It is a puzzle that the Prime Minister is making a second visit to Saudi Arabia. Of course Theresa May will have received a friendly welcome as the leader of the sixth largest economy in the world, which in addition is a permanent member of the UN Security Council. It also presumably still counts that the UK is a member of the European Union, though Brexit will soon cancel out that advantage.
There is a strong public relations flavour to this journey to the Middle East. It is described as part of the Prime Minister’s efforts to strengthen links with other trading partners as Brexit approaches. Or, as I would put it, to help create the myth that a series of bilateral deals with economies outside the European Union will make good what we shall lose by leaving the single market.
This must be why Theresa May is also visiting Jordan on the same trip. But it is a fool’s errand, for Jordan doesn’t import a lot. We carry on more trade with Belgium and Luxembourg. So the Jordan leg of the Prime Minister’s journey is more or less irrelevant to Britain’s trade prospects post-Brexit.
In the case of Saudi Arabia, however, we have our arms sales, worth more than £3.3bn since the bombing of Yemen began in March 2015. Yet in spite of British complicity in this action, May was expected to raise with her hosts the humanitarian crisis in Yemen that has been the inevitable result.
It beats me how she can do this with a straight face. What could she have said in her meeting with Crown Prince Mohammed bin Salman today? “Oh, I forgot to tell you on my last visit that you mustn’t actually use the arms we have sold to you”?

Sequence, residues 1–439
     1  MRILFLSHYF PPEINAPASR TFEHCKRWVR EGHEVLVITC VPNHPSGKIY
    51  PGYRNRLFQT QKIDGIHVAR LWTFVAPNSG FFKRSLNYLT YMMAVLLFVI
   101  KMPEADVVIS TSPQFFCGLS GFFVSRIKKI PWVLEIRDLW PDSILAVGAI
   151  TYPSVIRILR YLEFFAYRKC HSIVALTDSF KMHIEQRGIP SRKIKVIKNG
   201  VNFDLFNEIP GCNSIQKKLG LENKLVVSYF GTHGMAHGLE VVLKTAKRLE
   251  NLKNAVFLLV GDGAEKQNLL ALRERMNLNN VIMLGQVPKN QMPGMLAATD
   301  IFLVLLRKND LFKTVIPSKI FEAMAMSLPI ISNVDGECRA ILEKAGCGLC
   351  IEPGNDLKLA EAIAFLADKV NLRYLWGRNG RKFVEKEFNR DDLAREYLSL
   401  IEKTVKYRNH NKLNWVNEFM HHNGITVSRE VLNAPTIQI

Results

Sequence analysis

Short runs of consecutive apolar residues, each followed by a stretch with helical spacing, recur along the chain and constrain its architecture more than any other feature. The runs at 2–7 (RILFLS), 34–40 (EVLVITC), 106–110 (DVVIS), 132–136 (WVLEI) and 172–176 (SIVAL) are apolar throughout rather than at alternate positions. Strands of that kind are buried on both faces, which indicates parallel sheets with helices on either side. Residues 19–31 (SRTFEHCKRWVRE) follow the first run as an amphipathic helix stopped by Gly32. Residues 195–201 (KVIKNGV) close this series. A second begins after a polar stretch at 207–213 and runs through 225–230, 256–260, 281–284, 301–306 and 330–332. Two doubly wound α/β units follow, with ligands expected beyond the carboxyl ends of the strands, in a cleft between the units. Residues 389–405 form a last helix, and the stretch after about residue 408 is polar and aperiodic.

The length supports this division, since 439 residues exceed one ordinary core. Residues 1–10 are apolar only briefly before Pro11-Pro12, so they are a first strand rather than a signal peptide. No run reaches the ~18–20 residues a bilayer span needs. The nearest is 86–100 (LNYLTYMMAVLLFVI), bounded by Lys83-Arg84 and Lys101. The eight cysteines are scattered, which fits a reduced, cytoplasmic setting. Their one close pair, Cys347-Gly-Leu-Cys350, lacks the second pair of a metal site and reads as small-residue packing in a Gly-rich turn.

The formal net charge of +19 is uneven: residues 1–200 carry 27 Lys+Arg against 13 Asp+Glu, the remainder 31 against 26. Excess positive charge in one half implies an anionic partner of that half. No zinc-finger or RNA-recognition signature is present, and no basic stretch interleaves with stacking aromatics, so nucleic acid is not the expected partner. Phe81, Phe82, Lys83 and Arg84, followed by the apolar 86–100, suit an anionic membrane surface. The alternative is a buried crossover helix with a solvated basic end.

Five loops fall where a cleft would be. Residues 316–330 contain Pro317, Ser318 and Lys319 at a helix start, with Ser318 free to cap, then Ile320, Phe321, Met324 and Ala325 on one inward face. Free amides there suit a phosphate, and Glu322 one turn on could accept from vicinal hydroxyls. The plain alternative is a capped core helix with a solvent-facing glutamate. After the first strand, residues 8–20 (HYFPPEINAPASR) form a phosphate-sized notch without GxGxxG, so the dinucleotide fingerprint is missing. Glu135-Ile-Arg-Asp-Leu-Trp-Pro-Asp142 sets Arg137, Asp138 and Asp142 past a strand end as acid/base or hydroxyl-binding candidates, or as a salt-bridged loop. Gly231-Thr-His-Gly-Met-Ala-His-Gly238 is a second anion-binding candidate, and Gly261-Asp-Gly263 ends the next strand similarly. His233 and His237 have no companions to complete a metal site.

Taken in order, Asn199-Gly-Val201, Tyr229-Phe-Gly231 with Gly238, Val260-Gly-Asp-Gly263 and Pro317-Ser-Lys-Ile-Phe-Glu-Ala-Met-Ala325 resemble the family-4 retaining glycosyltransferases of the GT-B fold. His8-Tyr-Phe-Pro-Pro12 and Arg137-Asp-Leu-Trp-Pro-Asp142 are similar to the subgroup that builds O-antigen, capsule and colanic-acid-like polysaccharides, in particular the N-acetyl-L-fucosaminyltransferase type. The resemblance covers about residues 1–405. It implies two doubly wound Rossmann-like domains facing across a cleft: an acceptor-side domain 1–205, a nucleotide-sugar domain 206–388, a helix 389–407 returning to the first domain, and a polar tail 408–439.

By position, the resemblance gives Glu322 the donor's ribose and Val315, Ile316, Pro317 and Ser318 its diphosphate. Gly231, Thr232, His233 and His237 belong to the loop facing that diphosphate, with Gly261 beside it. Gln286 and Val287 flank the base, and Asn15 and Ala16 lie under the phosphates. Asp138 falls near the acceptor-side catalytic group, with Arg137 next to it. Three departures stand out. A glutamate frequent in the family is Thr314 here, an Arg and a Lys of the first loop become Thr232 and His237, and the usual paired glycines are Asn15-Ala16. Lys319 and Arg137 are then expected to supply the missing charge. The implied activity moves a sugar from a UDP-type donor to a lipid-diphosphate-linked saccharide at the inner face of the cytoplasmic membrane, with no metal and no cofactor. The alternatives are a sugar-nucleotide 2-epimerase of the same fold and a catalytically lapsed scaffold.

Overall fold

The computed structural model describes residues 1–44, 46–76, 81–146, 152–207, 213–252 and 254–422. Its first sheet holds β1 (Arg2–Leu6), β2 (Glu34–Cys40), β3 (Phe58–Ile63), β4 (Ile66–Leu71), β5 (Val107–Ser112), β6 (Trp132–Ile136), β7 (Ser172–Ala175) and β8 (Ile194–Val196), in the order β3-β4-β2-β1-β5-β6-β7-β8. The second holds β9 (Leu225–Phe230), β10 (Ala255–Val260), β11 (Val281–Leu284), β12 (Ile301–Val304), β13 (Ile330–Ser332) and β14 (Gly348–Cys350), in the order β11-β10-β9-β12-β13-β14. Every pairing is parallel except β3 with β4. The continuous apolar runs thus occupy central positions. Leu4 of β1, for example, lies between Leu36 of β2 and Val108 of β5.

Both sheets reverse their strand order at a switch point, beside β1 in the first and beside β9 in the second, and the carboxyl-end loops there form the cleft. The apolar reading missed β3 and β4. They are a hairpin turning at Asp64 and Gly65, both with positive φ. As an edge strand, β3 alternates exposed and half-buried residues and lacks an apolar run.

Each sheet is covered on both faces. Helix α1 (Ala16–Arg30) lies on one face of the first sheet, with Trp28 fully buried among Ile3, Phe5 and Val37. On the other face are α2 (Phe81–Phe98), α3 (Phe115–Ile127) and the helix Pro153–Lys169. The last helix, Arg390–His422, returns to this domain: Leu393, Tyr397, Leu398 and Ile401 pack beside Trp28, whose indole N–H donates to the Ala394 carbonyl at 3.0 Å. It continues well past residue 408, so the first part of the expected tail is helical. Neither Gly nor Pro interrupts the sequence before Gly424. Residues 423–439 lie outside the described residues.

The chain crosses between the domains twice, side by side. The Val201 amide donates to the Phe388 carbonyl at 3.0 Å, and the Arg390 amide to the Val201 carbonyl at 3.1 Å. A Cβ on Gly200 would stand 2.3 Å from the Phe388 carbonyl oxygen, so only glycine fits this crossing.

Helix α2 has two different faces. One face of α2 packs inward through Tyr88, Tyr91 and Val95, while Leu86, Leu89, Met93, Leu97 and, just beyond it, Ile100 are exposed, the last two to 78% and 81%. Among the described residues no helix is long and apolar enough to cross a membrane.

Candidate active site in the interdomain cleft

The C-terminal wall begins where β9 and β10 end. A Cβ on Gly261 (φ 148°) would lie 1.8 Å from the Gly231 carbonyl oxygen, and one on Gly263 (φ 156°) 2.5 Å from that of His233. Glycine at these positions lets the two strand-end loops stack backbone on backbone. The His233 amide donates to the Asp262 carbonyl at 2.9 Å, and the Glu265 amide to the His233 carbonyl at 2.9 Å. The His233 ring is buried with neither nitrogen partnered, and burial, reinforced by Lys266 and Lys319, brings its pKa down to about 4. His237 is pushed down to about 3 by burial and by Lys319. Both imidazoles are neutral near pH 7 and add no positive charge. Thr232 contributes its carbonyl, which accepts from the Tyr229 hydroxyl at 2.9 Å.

Or, more likely, “Look, while I fully understand that you cannot tolerate Iranian-backed Houthi rebels operating on the other side of your 1,100-mile border with Yemen, I am afraid that the traditional British sympathy for the underdog means that my people strongly disapprove of your actions. So I would appreciate it if you could let it be known that you will at least consider my representations. You will? Oh, I am very grateful.”
There is, however, a much bigger source of embarrassment for a visiting British prime minister. As Jeremy Corbyn put it, the conversation about Islamic extremism should begin with “Saudi Arabia and other Gulf states that have funded and fuelled extremist ideology.”
While the Saudi government rejects what it calls these false allegations and dismisses them as malicious falsehoods, the circumstantial evidence is pretty convincing.
Here we have to rely on Wikileaks. In 2009, it published diplomatic cables from the US State Department stating: “Saudi Arabia remains a critical financial support base for al-Qaeda, the Taliban, and other terrorist groups, including Hamas, which probably raise millions of dollars annually from Saudi sources.”
Pointing in the same direction were emails leaked from the office of Hillary Clinton. Her campaign chairman, John Podesta, said: “We need to use our diplomatic and more traditional intelligence assets to bring pressure on the governments of Qatar and Saudi Arabia, which are providing clandestine financial and logistic support to Isis and other radical Sunni groups in the region.”
Then in 2014, the Iraqi prime minister, Nouri al-Maliki, accused both Saudi Arabia and Qatar of supporting and funding terrorists: “I accuse them of inciting and encouraging the terrorist movements.” He added: “I accuse them of supporting them politically and in the media, of supporting them with money and by buying weapons for them.”
So I go back to my question: what on earth is Theresa May doing cosying up to the Saudis with two visits so far this year? I hope she doesn’t have ambitions to be some sort of honest broker in the Middle East. For many have tried – and none have succeeded.
My guess is that she is seeking a large financial investment in the UK. She would think that worth the many embarrassments she must have experienced on her journey.